3. I was told not too long ago that I am a nicer and happier person since the monster showed up. I was perplexed by this but do realize it is true. I am not happy about ms at all or the meds or side effects or drs and bills and poking prodding and playing lab rat. But losing so many things I had once taken for granted forced me to open my eyes and be thankful for what I have.

    In the middle of my 30+ MRI scans in first 2 years of diagnosis I was so depressed and so deveastated that this will never go away. I was in a dark cloud throwing a pity party for one. My favorite nurses at the imaging center is one of those perpetually happy people who truely loves life andcould make saran himself smile after 5 minutes of talking gave me some very important advice. She said to me "You can't change the what, or the why, or even the reality. You CAN however change the reaction. You can sit around morning the loss of your body or you can get out there and fight. Only you can control what kind of day you will have. Choosing to make it a good day instead of a bad one takes a lot of work.

    She had a point. She also encouraged me to list 5 things I am thankful for every morning before I got out of bed. Before long that list came natural and set the tone for the rest.

  4. Marc, your written word is truth to me. Probably to many. Write a book, compile all of your articles and publish them. This talent needs more exposure! Well done.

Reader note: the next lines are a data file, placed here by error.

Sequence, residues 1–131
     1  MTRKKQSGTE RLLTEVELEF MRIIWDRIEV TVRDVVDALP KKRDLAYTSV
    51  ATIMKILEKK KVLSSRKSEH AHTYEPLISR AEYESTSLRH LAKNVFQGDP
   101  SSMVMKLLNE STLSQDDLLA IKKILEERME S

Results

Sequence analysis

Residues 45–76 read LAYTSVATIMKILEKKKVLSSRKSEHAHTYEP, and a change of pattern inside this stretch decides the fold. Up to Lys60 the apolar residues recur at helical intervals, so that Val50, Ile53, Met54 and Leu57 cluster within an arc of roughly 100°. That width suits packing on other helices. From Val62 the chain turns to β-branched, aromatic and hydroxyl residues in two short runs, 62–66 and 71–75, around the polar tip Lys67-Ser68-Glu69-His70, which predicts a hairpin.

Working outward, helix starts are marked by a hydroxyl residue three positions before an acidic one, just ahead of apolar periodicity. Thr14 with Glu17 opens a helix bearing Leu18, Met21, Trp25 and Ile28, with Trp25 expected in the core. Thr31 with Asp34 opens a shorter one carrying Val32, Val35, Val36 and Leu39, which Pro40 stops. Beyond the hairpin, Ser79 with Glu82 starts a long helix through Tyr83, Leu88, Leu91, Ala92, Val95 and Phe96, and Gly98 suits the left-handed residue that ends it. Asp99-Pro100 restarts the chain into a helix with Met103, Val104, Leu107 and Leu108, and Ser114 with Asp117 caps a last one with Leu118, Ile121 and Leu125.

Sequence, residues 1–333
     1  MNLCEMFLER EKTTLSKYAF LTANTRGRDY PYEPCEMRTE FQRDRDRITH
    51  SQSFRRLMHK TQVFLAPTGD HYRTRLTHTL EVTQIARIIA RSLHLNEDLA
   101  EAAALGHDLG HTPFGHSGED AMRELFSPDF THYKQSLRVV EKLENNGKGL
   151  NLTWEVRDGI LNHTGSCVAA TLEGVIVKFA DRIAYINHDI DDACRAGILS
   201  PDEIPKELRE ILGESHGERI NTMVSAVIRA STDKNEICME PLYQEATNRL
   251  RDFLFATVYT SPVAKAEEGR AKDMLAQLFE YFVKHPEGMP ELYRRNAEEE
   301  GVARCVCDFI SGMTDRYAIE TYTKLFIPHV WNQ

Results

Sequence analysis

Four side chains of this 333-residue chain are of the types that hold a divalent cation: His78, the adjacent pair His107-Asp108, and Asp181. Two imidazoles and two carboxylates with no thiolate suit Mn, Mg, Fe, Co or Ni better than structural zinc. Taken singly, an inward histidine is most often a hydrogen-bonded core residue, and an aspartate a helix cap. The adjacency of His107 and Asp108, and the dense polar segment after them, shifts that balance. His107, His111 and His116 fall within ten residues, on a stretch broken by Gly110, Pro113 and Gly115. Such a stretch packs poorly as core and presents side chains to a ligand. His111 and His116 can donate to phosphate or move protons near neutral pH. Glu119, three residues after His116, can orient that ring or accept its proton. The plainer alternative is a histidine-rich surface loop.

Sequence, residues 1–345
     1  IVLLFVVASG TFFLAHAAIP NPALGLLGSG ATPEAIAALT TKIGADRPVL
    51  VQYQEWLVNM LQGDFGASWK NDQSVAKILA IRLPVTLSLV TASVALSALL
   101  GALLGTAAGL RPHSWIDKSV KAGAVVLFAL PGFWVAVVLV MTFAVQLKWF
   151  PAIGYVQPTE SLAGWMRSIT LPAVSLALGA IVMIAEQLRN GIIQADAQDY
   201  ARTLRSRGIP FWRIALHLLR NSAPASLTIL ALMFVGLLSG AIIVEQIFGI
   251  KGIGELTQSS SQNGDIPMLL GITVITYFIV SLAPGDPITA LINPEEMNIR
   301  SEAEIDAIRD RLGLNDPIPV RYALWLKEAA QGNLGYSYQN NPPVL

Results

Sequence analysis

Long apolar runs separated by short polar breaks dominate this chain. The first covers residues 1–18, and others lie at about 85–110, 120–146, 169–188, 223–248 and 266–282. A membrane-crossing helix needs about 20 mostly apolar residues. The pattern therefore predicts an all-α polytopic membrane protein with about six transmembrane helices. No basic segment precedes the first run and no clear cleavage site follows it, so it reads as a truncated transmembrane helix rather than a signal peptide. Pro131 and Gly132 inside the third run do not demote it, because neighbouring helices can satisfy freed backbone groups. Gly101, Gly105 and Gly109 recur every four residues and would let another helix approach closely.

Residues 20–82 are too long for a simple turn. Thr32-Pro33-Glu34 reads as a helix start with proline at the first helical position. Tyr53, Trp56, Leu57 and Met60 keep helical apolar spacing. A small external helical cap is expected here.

5. Being diagnosed with a disease makes you change your entire outlook on life. What many can consider as miniscule or unimportant, we can consider poignant and beautiful. Sometimes it takes events like this for someone to realise what's worth considering vital. Excellent post once again Marc, thank you

  6. Marc, your posts always bring me down memory lane. I too think you should write a book've already written a book! I think finding an even larger audience would benefit both you and them. Do you want me to help you? Xoxo amy

  7. My dear friend, as always your writing is beautiful, profound, and touches me. Thank You

  8. Song of the day: Life of Illusion by Joe Walsh. Think I'll name the monster Sully.


  9. Marc. Please think about your stories making a great book. I rarely have words for my feelings. My experiences formed who I am, but words do not relate for me as they do when I read stories like yours. We often learn dire lessons only after the fact. I've learned with MS, most with a positive quality, and which would likely not be learned otherwise. I want to apply those lessons to my being, but thinking so is not making it so. I suffer MS less physically, but more cognitively. I've always had a persistent positive attitude, and understanding more with words will open my life. I also think your stories can relate to those with other illnesses and/or circumstances. You have the ability to touch so many people with how your words describe different subjects and issues with colors which truly relate.
    Thank you for sharing your words and stories.

  10. Marc, as usual, you have hit the nail right down to the boards. I don't know about you, but for me, it was a rare day that learned any lesson the easy way. Usually a telephone pole had to come along and slap me silly before I paid attention. By the time I was Dxd with MS I could catch the lesson faster and that made it easier to find a Happy in every day. Seeking out MS contacts like you and other online buddies has been the great joy of my diagnosis. As they say, "it's a privilege to know ya, kid!"

  11. There are so many lessons to learn from those who are ill. I completely relate to your words and experience, as always. Thank you for once again making me feel just a bit less alone.